How Microsoft 'Xbox Scarlett' Game Streaming Box Will Beat PlayStation Now

The company is finally going to fix input lag.


Microsoft is planning at least two new Xbox consoles under the codename “Scarlett,” one of which will stream games over the internet while cutting back on input lag through an innovative new design. That’s according to a Monday report, which claims “Scarlett Cloud” will launch alongside a more traditional video game machine in 2020.

The Thurrott report paints a clearer picture of Microsoft’s future plans, after the company revealed at last month’s E3 2018 conference that it’s developing a game streaming service and a group of consoles. The plans differ from PlayStation Now, Sony’s streaming service that launched in 2014 that offers PS2, PS3 and PS4 titles to PS4 and Windows players by running the full game on a remote server rack. While Sony’s offering can suffer from latency between button presses and on-screen changes, “Scarlett Cloud” would avoid this by running a few tasks on the home-based hardware itself, like collision detection, image processing, and controller input.

The cloud-based box will, according to Brad Sams, cost “anywhere from under $100 to up to about $125” or “potentially even lower.” The machine would be positioned to price-conscious consumers with high internet connectivity, running all the same next-gen games as the more expensive box but “sliced” up so relevant components can run on the low-powered hardware. The technology may also reduce multiplayer latency if the game itself is running on the same servers as the multiplayer. Sams claims that Sony may struggle to match this offering, as Microsoft has up to 50 global data centers and develops its own cloud services like Azure.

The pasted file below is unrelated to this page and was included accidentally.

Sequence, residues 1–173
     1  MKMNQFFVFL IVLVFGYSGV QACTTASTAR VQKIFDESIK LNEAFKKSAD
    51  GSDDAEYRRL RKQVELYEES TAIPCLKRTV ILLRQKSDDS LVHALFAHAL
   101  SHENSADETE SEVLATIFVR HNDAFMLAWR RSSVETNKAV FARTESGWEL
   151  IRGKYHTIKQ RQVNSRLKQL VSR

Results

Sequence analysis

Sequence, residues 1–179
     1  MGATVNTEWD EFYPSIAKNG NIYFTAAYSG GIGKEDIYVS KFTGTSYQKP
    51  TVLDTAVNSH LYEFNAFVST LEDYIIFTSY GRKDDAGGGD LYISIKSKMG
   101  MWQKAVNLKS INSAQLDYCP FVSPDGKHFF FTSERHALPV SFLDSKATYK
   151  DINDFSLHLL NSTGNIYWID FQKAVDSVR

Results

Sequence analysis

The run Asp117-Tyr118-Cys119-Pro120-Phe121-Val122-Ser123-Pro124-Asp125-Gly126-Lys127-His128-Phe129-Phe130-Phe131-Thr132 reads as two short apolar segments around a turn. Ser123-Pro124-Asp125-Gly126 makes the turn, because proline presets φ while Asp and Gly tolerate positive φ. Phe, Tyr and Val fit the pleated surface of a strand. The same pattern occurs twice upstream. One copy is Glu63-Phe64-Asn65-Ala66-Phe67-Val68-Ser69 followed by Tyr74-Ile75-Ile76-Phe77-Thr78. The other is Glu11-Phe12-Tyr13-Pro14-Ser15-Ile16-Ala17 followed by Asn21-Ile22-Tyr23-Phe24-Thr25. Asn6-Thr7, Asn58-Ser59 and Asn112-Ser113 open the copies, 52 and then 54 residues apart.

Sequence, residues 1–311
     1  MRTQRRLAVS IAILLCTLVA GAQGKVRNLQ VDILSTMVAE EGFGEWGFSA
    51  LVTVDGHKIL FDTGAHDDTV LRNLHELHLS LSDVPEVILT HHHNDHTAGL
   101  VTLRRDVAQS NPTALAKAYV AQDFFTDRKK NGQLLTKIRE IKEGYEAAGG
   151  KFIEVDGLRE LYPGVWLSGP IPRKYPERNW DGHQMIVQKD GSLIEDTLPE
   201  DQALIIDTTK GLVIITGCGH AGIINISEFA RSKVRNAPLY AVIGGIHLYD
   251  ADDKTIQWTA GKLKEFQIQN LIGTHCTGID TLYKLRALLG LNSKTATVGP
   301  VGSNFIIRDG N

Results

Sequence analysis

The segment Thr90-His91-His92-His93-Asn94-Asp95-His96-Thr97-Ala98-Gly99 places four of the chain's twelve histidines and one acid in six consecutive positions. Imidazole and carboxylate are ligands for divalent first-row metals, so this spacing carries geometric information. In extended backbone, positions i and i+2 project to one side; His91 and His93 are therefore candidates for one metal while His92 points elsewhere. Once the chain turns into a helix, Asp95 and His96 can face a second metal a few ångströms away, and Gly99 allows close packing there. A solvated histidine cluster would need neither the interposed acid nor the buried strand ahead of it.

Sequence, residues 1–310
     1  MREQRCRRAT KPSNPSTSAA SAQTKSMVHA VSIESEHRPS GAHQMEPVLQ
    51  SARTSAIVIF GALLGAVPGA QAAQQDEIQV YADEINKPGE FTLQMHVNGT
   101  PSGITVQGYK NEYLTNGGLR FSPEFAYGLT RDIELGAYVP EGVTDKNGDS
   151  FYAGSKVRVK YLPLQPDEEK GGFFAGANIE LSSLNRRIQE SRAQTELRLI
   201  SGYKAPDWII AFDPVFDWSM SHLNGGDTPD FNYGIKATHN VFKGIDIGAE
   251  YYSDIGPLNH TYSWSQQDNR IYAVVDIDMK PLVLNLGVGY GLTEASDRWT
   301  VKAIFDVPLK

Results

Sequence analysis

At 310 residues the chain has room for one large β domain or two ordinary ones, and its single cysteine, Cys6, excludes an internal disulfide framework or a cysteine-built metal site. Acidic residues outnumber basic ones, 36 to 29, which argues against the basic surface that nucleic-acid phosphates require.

The big question is the price of the streaming service, which will almost certainly cost money as Microsoft will have to maintain servers. Sony charges $99.99 per year or $19.99 per month for PlayStation Now. Microsoft has no comparable offering, but its Game Pass service allows users to download over 200 games for $9.99 per month. Neither of these services offers online multiplayer, available for $59.99 per year extra under Sony’s PlayStation Plus and Microsoft’s Xbox Live. While the box may cost less, hooking consumers into a new annual subscription fee could prove a lucrative strategy for Microsoft.

While the two boxes are set to launch in 2020, there could be more surprises on the way. Xbox head Phil Spencer said at the E3 conference that the company’s engineers plan to offer “console quality gaming on any device,” ensuring that users have access “everywhere you want to play” be it “on your Xbox, your PC or your phone.”

The reduced-lag Scarlett streamer could offer impressive quality, but Microsoft wants players running its services in as many places as possible.

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